by John Millar | March 5, 2021 | 5 min read
In recent years, there has been much talk of Digital Twin and the many potential benefits that it offers to those who own, manage and maintain built assets. The main selling point is often in the valuable data-driven insights it provides, which can inform best practice and support O&M decision-making over the course of the asset’s lifecycle.
Whilst the normalisation of knowledge-driven O&M is certainly an important milestone to work towards as we continue to drive BIM diffusion both in the UK and abroad, the concept carries a number of pragmatic concerns. How are we planning to capture, represent, classify and store (in a structured fashion) the significant volume of miscellaneous knowledge that will aggregate over the several decades of a built asset’s lifecycle? Is it possible to model this knowledge in an environment similar to the one in which we model our information? Could we address this issue with the tools and guidance currently available? If so, how?
One potential solution lies with Building Knowledge Modelling (BKM). A theoretical solution proposed by Motawa and Almarshad (2013), which involves the integration of Knowledge Management (KM) principles into BIM practices, resulting in a technological environment which significantly increases the management power that BIM is able to provide by overcoming one of its main weaknesses; the representation of soft data (qualitative and subjective observations resulting from the user’s cognitive processing of information).
This enhancement allows agents involved in the management of a built asset to capture and retrieve all manner of explicit knowledge relating to the asset and its day-to-day operation. Depending on the specific implementation, it offers several intelligent functions; it could automate the detection of maintenance backlogs and the retrieval of information relating to relevant building elements; inform the prioritisation of maintenance works and identify maintenance relationships and patterns, also allowing the prediction (and therefore, prevention) of common-cause failures.
Taking a long-term view, it allows organisations to align their O&M activities with organisational performance, thus assisting in the achievement of their organisational objectives over time (Wanigarathna et al., 2019).
The BKM concept described by Motawa and Almarshad (2013) comprises of an Asset Information Model (AIM) for the retrieval of building information, a knowledge base and a web-based interface module for the bi-directional exchange of soft data. Within the AIM, a pre-defined set of parameters are assigned to managed and maintainable building elements for the storage of knowledge case details, which the knowledge-based module can identify via an Industry Foundation Classes (IFC) protocol and present for review via an integrated browser function.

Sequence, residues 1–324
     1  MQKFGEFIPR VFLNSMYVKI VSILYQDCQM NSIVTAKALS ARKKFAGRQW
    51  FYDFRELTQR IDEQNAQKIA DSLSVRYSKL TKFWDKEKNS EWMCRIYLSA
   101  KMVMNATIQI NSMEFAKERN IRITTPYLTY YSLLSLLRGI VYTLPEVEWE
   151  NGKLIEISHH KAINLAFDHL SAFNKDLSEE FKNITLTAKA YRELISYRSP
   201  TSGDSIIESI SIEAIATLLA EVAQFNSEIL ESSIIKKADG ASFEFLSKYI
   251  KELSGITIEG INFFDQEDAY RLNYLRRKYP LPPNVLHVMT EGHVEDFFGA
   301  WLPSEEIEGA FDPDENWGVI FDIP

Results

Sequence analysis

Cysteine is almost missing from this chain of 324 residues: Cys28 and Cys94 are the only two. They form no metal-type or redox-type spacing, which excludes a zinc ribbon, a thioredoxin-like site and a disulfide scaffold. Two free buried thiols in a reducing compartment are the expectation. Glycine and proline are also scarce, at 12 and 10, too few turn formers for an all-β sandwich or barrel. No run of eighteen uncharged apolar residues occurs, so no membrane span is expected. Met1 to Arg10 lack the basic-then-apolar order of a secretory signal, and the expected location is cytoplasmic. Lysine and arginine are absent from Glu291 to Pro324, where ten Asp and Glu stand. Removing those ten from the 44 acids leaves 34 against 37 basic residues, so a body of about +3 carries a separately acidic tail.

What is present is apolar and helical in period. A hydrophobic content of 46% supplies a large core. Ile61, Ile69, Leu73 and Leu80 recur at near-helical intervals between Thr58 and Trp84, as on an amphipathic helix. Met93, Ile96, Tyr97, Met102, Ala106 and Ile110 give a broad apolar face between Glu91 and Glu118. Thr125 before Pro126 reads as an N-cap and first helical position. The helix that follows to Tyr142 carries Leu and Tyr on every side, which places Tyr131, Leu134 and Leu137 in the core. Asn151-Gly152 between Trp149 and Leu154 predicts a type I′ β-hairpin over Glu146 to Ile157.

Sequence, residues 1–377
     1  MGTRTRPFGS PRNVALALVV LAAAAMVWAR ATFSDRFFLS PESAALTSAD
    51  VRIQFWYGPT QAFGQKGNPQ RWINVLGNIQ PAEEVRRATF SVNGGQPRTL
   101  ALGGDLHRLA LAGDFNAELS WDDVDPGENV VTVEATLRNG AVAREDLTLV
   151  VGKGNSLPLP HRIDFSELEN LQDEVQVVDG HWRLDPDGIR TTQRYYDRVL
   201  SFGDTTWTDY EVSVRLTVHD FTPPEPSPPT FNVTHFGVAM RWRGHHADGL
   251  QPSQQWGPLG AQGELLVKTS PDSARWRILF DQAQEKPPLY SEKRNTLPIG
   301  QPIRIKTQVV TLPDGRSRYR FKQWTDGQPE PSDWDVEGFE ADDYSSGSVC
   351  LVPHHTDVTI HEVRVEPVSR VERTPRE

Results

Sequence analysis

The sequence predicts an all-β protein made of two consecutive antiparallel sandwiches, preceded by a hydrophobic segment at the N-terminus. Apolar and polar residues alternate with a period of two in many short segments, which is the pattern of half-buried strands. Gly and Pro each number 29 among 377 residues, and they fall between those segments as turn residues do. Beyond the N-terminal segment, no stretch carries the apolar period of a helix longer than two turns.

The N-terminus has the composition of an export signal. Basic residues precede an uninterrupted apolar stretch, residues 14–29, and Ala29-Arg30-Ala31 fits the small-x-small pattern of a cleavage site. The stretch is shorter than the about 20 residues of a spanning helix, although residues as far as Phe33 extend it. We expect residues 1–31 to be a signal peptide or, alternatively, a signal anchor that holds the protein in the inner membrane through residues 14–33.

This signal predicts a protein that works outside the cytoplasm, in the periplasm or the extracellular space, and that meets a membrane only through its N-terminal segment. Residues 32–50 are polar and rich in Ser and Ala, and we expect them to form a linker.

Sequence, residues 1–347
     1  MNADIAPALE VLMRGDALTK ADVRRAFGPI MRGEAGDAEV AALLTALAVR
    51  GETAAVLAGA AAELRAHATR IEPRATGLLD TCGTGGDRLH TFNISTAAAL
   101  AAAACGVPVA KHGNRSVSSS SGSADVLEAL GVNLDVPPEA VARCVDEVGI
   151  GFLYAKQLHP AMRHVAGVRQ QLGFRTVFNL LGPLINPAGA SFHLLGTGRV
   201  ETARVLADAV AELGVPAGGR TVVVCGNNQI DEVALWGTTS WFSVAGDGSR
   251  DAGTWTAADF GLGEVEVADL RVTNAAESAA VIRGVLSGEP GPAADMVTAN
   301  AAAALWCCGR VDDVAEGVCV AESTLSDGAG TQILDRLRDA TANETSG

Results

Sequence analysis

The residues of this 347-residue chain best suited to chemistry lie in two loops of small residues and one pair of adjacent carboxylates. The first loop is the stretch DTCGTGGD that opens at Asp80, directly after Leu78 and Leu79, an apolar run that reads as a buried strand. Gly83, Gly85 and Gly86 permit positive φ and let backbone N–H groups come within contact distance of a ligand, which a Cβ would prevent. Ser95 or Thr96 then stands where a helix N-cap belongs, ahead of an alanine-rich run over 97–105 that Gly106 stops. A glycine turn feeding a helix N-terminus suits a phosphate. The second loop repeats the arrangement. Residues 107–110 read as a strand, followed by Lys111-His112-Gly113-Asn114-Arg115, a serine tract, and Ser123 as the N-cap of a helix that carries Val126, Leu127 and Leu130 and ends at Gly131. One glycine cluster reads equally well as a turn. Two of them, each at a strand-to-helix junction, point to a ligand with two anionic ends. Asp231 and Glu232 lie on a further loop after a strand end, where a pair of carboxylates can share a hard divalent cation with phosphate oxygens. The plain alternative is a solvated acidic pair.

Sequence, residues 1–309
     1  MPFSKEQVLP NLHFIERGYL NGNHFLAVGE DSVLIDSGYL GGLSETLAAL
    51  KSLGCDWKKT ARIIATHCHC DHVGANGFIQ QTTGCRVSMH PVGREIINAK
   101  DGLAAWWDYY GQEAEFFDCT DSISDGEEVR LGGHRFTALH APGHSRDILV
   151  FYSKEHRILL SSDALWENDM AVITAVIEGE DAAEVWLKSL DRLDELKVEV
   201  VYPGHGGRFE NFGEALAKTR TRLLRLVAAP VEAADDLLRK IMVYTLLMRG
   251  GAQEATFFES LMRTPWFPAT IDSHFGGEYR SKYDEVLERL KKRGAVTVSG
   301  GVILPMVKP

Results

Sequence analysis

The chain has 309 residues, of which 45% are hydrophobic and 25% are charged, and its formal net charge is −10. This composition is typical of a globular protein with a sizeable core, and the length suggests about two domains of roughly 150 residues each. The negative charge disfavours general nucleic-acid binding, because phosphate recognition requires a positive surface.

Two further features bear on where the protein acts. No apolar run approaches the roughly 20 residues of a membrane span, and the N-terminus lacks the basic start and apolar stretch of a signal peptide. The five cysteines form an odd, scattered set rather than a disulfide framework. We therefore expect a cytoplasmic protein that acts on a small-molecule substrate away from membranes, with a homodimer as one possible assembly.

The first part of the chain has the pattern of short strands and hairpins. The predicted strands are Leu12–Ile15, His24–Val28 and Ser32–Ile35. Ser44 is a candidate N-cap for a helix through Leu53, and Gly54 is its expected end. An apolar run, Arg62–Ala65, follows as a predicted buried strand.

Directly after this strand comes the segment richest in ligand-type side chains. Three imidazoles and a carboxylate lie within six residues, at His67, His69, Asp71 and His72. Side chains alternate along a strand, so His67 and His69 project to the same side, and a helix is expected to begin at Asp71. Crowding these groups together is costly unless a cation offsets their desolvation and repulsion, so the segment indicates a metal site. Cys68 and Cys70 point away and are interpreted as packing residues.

Fig. 1 – Knowledge case parameters embedded within a Building Information Model (Motawa and Almarshad, 2013; Motawa, 2015).
By leveraging the power of Case Based Reasoning (CBR, a paradigm of artificial intelligence dealing with problem solving based on past cases), the system will also be able to recognise other elements which are potentially affected by a particular maintenance operation and present similar cases to the one in question via association by element clustering as an intelligent representation of maintenance-related element relationships.
The end result can be thought of as a kind of BIM-driven expert system, with the building knowledge model able to present evidence-based recommendations on how O&M activities can be best conducted, on demand, with its richness of knowledge increasing incrementally over the course of the asset’s lifecycle.
The BKM concept may hold significant potential in light of our industry’s current aspirations towards digitally enhanced operations and a strengthened partnership between those who deliver the built environment and those who manage it. Where a project-specific BKM solution is implemented, the owner’s AIM forms an integral part of a greater data-centric socio-technical system, one which aids the organisation in the achievement of its objectives via pro-active and probabilistic O&M strategy.
On the supplier side, it holds great potential for the enhancement of Post Occupancy Evaluations (POEs), with an efficient and effective means of intelligent, asset-specific knowledge exchange enabling deeper (and more frequent) insights across all projects undertaken, resulting in greatly improved service delivery and driving continuous improvement at an industrial level.
Fig. 2 – System output; captured knowledge retrieved from a previous case (Motawa and Almarshad, 2013; Motawa, 2015).
However, in order to fully benefit from the vast quantities of potential knowledge that we have thus far left uncaptured and hence unutilised, in addition to the ocean of big data we are now preparing to dive into, a fundamental shift in attitude is needed. Maintenance activities should be regarded less as an unavoidable financial burden and more as an opportunity to add value at an organisational level.
As a result, BIM methodology should not be considered as merely an enhancement of the capital delivery process (with some data delivered on the side); it should be recognised as the first step in developing what could ultimately become one of the organisation’s most valuable assets: a digitalised single source of truth for all explicit knowledge relating to the design, construction and operation of their built assets – the vehicles through which they deliver their services and achieve their business aims.
For more information, please contact John Millar.
Member of the Ryder Alliance
+44 (0) 191 269 5444 [email protected]
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